The Massinga Centre for Continuing Education in Health in Massinga, Mozambique, has become a well-respected centre of excellence in the training of teachers and health-care workers like these. With CIDA's help, the centre is expected to triple its capacity.

Two thirds of Mozambique's population live in rural areas, where trained health-care workers are scarce. Many of the health workers in the country have not been adequately trained to deal with health problems such as combatting HIV/AIDS. With help from CIDA and the University of Saskatchewan, the Massinga Centre for Continuing Education in Health provides quality training to health workers. As learning new practices reignites their passion to help others, these workers go on to engage communities and train other health workers. The Massinga Centre's curriculum is now being used as the basis for revising Mozambique's national health workers training curriculum.

By the end of the current project, the centre aims to have provided:

  • training in preventative medicine for 570 healthcare workers;
  • continuing education for 125 formal health care workers, 500 community health workers, 500 community health activists, 1,000 traditional healers, and 100 midwives;
  • health worker teacher training for 45 new teachers; and
  • residences for students-an increase in housing capacity from 60 students to 180.

CIDA will work to:

  • improve access to maternal health care in an effort to reduce maternal and newborn sickness and deaths;
  • invest more in child-specific health interventions such as immunization, nutritional supplements, and clean water to improve child health;
  • invest more in the prevention of diseases such as HIV/AIDS, malaria and tuberculosis to benefit mothers and children; and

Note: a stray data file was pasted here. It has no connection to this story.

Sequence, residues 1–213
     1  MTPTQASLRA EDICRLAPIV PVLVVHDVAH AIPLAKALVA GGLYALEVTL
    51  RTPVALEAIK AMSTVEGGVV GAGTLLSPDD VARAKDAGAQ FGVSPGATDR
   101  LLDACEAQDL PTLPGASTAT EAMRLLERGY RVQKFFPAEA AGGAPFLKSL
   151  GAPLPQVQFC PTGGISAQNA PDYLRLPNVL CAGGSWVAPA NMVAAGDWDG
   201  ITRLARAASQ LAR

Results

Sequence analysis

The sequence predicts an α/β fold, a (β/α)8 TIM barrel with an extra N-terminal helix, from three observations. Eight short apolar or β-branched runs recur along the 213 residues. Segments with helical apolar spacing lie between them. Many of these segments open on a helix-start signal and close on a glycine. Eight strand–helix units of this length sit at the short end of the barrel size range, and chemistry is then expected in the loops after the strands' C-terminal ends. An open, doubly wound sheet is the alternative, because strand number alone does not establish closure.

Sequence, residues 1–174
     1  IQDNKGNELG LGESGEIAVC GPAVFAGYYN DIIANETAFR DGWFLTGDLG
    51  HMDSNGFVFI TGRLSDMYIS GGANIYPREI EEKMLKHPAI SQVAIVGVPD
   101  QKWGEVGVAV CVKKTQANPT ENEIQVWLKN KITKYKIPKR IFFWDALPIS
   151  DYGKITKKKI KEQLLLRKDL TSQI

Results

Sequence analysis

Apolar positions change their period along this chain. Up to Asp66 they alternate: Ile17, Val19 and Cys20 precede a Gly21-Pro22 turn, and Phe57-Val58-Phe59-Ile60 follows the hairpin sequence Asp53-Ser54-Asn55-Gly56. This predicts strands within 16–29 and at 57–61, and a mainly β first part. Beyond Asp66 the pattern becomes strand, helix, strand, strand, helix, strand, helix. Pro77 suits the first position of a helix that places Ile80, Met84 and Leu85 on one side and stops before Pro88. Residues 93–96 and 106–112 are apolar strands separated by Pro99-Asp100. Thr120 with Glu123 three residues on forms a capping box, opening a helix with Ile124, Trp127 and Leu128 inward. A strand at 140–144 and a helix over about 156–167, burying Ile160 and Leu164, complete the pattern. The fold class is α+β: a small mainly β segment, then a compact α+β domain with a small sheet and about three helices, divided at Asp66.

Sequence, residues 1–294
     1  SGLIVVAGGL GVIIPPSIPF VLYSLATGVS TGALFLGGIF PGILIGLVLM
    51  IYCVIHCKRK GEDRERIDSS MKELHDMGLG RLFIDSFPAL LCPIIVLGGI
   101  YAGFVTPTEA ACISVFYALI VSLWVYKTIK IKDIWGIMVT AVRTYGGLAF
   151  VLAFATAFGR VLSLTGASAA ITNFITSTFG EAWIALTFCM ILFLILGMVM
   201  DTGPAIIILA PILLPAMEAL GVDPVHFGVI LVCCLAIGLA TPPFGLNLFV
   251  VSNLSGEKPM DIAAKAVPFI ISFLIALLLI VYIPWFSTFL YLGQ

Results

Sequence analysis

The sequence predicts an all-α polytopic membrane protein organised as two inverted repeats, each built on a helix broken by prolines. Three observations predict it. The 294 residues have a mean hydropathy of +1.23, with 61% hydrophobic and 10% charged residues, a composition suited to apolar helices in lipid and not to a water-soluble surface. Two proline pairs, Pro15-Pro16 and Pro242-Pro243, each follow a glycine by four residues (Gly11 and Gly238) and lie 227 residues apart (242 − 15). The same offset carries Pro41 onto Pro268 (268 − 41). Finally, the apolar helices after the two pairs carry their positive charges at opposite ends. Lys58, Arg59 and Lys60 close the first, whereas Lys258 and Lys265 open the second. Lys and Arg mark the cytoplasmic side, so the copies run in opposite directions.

• strengthen sustainable health systems that can provide quality health care to mothers and children.

Quality education

An educated workforce is essential to long-term sustainable development and the reduction of extreme poverty.

Access to education has improved in the developing world, yet financial, social, health, and security reasons are keeping 67 million children-53 percent of them girls-out of school. Getting children into school is a priority, as is keeping them there for the full 10-year cycle of basic education. National education systems need to be strengthened through teacher training, a relevant curriculum, and better learning materials.

CIDA is working toward:

  • improving access to basic education, particularly for girls in a safe environment;
  • improving the quality of education with a particular focus on teachers and teacher training, a relevant curriculum, and teaching/learning materials; and
  • increasing access to relevant learning opportunities for youth in and out of school.

These efforts are designed to create strong educational systems that provide more children and youth, girls in particular, with the basic skills they will need to become productive citizens.

In Mozambique, CIDA has supported the distribution of textbooks, student workbooks, and teacher manuals, reaching a total distribution of more than 90 million to date.This year, newly developed teaching and learning materials pay special attention to HIV/AIDS and gender equality, and were provided to more than 3.5 million primary school students and teachers. Textbooks were supplied in a timely fashion, and over 85 percent of all primary school children have their own.

A woman holding an infant that is receiving immunization. © ACDI-CIDA/Roger LeMoyne
CIDA contributes to UNICEF's immunization program to protect children against the six major childhood diseases. At a local health centre in Khartoum, Sudan, mothers can bring their children for lifesaving vaccinations that protect against childhood diseases. Pregnant women can also receive immunization against tetanus.

In Senegal, with Canadian support, the Ministry of Education improved the physical environment around 2,500 primary schools, providing a safe learning space for children; revised the national primary school curriculum based on the Canadian competency-based model; and trained 8,000 teachers in new teaching and learning methods.